The HIV virus may be about to become a new weapon in the fight against cancer as initial tests have shown it can drastically minimize and even help cure the most common form of leukemia.
A research team, led by Dr. Carl June working out of the Abramson Cancer Center at the University of Pennsylvania, has been experimenting with using a harmless version of the HIV virus combined with genetically modified white blood cells as a new way to fight cancer. The cells are taken from patients and modified with new genes that make them target cancer cells, but just as importantly, they can also multiply once injected allowing them to scale up as a small army inside the body.
The results have surprised everyone. These modified cells have acted like serial killers, multiplying and killing all of the cancer cells in two patients, while reducing them by 70% in a third. The equivalent of five pounds of cancer cells has disappeared from each patient. More good news stems from the fact that the modified cells remain in the body and have been seen to reactivate and kill new cancer cells as long as 12 months after they were first injected.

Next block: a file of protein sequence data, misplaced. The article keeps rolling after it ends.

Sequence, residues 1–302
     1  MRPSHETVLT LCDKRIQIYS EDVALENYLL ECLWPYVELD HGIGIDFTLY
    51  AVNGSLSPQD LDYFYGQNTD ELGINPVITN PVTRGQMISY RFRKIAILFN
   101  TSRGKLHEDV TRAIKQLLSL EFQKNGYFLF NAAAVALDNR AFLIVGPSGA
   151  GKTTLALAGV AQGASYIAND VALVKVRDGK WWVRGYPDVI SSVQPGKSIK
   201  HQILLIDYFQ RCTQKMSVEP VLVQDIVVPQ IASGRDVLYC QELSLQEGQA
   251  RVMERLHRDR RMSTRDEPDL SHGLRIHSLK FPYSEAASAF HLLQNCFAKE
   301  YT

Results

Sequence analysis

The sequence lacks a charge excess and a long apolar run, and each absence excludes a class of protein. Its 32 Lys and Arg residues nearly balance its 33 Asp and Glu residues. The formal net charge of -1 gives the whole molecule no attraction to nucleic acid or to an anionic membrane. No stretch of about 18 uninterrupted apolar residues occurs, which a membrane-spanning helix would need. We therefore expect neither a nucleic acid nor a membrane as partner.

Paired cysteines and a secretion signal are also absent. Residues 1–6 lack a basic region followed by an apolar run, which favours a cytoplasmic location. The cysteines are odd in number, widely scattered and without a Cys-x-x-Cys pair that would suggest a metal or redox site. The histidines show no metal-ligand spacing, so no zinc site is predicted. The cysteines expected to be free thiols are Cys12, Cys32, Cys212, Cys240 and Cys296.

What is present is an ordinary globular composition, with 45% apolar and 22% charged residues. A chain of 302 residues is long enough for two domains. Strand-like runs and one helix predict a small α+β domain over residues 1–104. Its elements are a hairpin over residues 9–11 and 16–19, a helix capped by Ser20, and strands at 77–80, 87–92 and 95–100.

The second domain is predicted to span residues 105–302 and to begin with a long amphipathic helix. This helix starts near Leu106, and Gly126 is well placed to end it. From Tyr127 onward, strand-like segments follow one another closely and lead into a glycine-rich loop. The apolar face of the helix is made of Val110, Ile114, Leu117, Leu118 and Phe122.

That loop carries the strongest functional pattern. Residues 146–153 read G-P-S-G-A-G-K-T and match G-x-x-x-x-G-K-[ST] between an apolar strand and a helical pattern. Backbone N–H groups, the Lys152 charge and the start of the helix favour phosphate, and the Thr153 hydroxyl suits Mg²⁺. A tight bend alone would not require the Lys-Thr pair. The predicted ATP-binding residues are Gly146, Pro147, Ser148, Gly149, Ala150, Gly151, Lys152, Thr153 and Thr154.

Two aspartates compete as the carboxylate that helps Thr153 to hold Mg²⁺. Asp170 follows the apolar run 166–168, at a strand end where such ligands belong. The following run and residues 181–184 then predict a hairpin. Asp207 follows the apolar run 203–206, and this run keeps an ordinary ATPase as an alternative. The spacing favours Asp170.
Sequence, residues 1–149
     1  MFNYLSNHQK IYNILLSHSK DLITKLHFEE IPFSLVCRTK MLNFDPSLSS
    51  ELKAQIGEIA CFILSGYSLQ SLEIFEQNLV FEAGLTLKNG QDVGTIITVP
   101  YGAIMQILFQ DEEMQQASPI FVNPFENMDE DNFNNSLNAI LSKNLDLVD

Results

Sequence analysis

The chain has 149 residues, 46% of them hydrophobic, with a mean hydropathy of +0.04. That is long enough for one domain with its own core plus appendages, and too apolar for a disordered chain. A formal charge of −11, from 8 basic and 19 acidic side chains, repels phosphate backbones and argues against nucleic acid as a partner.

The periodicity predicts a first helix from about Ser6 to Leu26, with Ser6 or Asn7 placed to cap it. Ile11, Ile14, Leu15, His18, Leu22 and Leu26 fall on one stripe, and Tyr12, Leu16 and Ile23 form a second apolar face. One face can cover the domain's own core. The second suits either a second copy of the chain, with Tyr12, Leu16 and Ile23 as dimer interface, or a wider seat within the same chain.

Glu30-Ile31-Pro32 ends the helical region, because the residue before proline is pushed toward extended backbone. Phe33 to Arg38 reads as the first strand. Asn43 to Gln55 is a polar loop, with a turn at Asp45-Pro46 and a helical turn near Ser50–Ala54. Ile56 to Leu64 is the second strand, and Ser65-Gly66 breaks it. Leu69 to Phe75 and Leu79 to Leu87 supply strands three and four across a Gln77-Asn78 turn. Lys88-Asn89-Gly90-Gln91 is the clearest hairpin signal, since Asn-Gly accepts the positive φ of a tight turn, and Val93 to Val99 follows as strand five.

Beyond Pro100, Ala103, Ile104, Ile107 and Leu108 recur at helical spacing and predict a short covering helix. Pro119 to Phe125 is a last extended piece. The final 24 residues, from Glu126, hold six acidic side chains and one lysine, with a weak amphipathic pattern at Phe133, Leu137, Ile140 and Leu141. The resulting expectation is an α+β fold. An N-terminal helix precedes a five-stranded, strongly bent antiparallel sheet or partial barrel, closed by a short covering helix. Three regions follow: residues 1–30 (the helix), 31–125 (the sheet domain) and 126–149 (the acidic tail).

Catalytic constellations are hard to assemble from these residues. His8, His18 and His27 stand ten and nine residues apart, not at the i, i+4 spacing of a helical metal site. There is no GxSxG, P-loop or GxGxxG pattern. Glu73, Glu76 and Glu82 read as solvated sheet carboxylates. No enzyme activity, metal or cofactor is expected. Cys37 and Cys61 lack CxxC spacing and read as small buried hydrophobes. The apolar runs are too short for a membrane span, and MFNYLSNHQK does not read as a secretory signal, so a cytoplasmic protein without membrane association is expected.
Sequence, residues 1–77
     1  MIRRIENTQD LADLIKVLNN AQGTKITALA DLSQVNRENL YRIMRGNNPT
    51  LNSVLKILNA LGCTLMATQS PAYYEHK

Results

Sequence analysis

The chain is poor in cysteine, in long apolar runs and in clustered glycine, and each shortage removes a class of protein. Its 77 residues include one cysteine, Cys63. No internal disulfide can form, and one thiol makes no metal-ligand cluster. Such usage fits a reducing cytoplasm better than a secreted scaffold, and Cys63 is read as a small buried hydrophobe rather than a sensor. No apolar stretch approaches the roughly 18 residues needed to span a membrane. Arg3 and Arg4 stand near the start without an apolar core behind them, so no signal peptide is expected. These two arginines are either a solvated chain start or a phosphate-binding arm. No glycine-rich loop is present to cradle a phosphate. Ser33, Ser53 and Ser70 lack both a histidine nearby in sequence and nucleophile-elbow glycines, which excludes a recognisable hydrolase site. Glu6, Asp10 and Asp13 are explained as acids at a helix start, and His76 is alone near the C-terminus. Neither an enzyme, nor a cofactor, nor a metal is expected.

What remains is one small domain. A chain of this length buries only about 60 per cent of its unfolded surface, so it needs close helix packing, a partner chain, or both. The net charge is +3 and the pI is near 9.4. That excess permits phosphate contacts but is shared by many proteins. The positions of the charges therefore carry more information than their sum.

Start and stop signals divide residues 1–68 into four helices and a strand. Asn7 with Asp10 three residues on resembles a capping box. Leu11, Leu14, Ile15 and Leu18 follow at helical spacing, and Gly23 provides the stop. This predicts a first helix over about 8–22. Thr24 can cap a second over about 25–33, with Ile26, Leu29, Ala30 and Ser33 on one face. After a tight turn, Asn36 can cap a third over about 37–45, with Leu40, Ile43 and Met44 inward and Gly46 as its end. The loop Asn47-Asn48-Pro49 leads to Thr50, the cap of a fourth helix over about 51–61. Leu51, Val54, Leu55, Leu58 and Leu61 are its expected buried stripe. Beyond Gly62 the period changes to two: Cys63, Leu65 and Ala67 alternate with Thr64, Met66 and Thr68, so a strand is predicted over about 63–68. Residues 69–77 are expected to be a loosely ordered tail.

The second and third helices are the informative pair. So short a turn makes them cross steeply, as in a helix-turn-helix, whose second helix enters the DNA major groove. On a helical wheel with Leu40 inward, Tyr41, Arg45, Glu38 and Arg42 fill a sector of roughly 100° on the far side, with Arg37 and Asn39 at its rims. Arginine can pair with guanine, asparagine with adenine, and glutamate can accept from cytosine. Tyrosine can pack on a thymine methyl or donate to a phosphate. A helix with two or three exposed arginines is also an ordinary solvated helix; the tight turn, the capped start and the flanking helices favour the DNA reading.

Usually leukemia is treated with medication, chemotherapy, radiation therapy, and in some cases bone marrow transplants, all of which can have side effects and complications. This new treatment involves a single injection and the modified white blood cells do the rest of the work. If the same results seen in these first 3 patients are mirrored across a larger group it could signal a huge step forward in the treatment of a disease that currently kills hundreds of thousands of adults and children every year.
The above story is reprinted from materials provided by Abramson Cancer Center | Geek.com , via MSNBC – August 10, 2011